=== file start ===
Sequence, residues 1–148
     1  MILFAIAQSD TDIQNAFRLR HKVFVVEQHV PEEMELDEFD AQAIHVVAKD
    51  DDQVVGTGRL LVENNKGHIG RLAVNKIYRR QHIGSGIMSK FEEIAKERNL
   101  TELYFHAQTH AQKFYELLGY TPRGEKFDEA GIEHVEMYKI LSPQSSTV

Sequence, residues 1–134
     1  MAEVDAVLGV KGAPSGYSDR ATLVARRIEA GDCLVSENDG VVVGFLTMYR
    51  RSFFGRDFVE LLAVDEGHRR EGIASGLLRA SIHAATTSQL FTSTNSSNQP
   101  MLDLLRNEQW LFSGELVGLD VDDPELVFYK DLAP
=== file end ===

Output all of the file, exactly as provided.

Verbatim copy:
Sequence, residues 1–148
     1  MILFAIAQSD TDIQNAFRLR HKVFVVEQHV PEEMELDEFD AQAIHVVAKD
    51  DDQVVGTGRL LVENNKGHIG RLAVNKIYRR QHIGSGIMSK FEEIAKERNL
   101  TELYFHAQTH AQKFYELLGY TPRGEKFDEA GIEHVEMYKI LSPQSSTV

Sequence, residues 1–134
     1  MAEVDAVLGV KGAPSGYSDR ATLVARRIEA GDCLVSENDG VVVGFLTMYR
    51  RSFFGRDFVE LLAVDEGHRR EGIASGLLRA SIHAATTSQL FTSTNSSNQP
   101  MLDLLRNEQW LFSGELVGLD VDDPELVFYK DLAP